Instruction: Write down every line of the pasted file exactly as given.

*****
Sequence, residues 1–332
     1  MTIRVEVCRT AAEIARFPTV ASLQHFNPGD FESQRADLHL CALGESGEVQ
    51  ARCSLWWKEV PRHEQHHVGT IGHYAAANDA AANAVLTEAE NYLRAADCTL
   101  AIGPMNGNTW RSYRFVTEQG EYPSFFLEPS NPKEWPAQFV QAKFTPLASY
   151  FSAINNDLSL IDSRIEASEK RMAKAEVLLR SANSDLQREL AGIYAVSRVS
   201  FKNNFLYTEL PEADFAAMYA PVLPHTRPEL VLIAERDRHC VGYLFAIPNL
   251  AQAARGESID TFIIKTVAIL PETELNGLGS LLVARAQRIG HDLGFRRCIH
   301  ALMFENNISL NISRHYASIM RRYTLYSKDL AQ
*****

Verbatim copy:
Sequence, residues 1–332
     1  MTIRVEVCRT AAEIARFPTV ASLQHFNPGD FESQRADLHL CALGESGEVQ
    51  ARCSLWWKEV PRHEQHHVGT IGHYAAANDA AANAVLTEAE NYLRAADCTL
   101  AIGPMNGNTW RSYRFVTEQG EYPSFFLEPS NPKEWPAQFV QAKFTPLASY
   151  FSAINNDLSL IDSRIEASEK RMAKAEVLLR SANSDLQREL AGIYAVSRVS
   201  FKNNFLYTEL PEADFAAMYA PVLPHTRPEL VLIAERDRHC VGYLFAIPNL
   251  AQAARGESID TFIIKTVAIL PETELNGLGS LLVARAQRIG HDLGFRRCIH
   301  ALMFENNISL NISRHYASIM RRYTLYSKDL AQ